|United States||Trinidad & Tobago|
FIFA World Cup™ Qualifier
|2009-04-01||LP Field||Nashville, TN, United States||27959|
Altidore hat-trick sink Warriors to bottom of table
Altidore Hat Trick Provides U.S. Men's National Team With 3-0 Victory Against Trinidad & Tobago. -
NASHVILLE, Tenn. — Forward Jozy Altidore became the youngest player in history to score a hat trick for the U.S. Men’s National Team, tallying all three goals tonight for the U.S. Men’s National Team in a dominating 3-0 victory against Trinidad & Tobago in front of a raucous crowd of 27,959 at LP Field in Nashville, Tenn. With the victory, the U.S. continued to hold their place at the top of the hexagonal in the final round of qualifying for the 2010 FIFA World Cup.
Altidore had midfielder Landon Donovan to thank for his record-setting performance, as the USA’s all-time leading scorer set up the 19-year-old forward for all three of his strikes while increasing his record-setting tally to 35 career assists. The first connection between the two occurred in the 13th minute, and the duo hooked up two more times in the second half as the U.S. continued their dominance against Trinidad & Tobago at home, now 7-0-1 overall in World Cup qualifying.
With Mexico losing 3-1 to Honduras, and Costa Rica posting a 1-0 win against El Salvador, the USA’s seven points from three games provides them a one-point advantage over second place Costa Rica. The top two teams in the group will face off on June 3 in Matchday 4, with the U.S. traveling to Costa Rica for their second match on the road in the final round. The match is three days earlier than the rest of the hexagonal due to the need to travel to South Africa in preparation for the 2009 FIFA Confederations Cup. The second match for the U.S. on the double fixture date will be against Honduras on June 6 at Soldier Field in Chicago (tickets). Two days later, the U.S. will depart for South Africa.
"Full credit to the players," said U.S. head coach Bob Bradley, who continued the team’s unblemished 6-0-0 home record in 2010 FIFA World Cup qualifying. "After the last match we were certainly pleased with the push we made when we were behind, but there were things in that match that we felt were not indicative of what we're all about. The players felt strongly about that, and I think you could see the response from the team from the beginning tonight."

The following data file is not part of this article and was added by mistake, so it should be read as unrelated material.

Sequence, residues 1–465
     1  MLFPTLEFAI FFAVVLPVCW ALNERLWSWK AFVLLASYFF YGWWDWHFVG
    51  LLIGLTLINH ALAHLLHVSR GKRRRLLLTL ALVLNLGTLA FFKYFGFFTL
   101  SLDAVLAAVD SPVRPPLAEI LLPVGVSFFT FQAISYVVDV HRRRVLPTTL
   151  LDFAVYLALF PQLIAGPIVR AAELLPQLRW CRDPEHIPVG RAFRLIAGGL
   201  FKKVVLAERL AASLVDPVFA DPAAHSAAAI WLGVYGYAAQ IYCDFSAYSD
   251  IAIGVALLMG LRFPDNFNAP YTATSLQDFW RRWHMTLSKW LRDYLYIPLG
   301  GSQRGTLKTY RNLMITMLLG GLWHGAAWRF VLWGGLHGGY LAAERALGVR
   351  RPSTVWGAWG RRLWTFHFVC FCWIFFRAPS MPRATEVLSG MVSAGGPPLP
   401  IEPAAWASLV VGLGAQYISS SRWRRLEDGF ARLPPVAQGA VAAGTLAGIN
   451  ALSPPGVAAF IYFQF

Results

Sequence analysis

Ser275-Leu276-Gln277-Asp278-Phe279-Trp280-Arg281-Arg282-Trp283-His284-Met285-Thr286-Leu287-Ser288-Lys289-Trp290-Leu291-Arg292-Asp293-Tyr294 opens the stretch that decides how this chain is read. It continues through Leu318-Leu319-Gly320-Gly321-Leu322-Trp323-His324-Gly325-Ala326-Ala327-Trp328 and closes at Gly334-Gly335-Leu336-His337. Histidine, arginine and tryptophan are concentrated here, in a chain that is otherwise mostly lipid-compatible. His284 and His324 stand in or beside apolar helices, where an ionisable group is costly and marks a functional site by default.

Altidore’s goals marked the first time in his career in which he has scored goals in consecutive games, having scored the USA’s first goal against El Salvador in the 2-2 draw on Saturday, March 28, at Estadio Cuscatlán. It also marked the first time that the U.S. has produced multiple goal scorers in three consecutive home matches, with Sacha Kljestan notching a hat trick in the 3-2 win against Sweden on Jan. 24, 2009, and Michael Bradley scoring a brace in the 2-0 win against Mexico on Feb. 11 in Columbus.
“When you have 11 guys on the field working hard and working together as a team, an individual can have a good night. That's just how it happens, “said Altidore, who increased his tally to five goals in 2010 World Cup qualifying. “When the team plays well, individuals will shine, but at the same time we have to keep the mentality that things aren't easy in CONCACAF. These are good teams to play against and sometimes they're tough to break down, as you saw tonight. I just want to keep going forward and keep working hard and hopefully good things will happen.”
Bradley made a handful of changes from the lineup that started the 2-2 draw against El Salvador four nights earlier, deploying DaMarcus Beasley at left back behind Landon Donovan as a left-sided midfielder. Goalkeeper Tim Howard returned to the starting lineup after serving a one-match suspension for accumulation of yellow cards to earn his seventh career shutout in FIFA World Cup qualifying. Three-time World Cup veteran Pablo Mastroeni also returned to the starting lineup, while Altidore earned his fourth start in qualifying.
Despite being the aggressors from the opening whistle, the U.S. came close to an ominous beginning when a bouncing back pass by Oguchi Onyewu gave Howard some trouble and his one-time clearance went straight at the feet of Stern John. Fortunately, John wasn’t expecting the ball and it deflected off his legs to go wide right of the goal.
The first good chance for the U.S. came in the eighth minute, when a through ball was deflected into the air near the top of the box, falling to Dempsey. He headed it into the penalty area for a charging Ching, the forward doing well to chase the ball down and hold off his defender and slip a dangerous ball across the goal mouth, but it was just out of the reach of Altidore for what could have been an easy tap-in.
Altidore would be in the right place at the right time five minutes later to secure a lead the U.S. would never relinquish. Bocanegra got the ball into the attack with a long ball up the left flank, and four touches later the ball was in the back of T&T’s net. Rising to meet the Bocanegra service, Ching deftly headed the ball to Donovan, who brought it down with his chest and inside the box before slipping a pass across the six-yard box for Altidore to bury with one touch past a helpless Clayton Ince.
Altidore almost doubled the score in the 27th minute after Bradley sent a perfectly weighted cross behind the defense and onto the chest of Altidore near the corner of the six-yard box. He tried to chip the goalkeeper as Ince was rushing out, but the deft attempt dipped over the bar.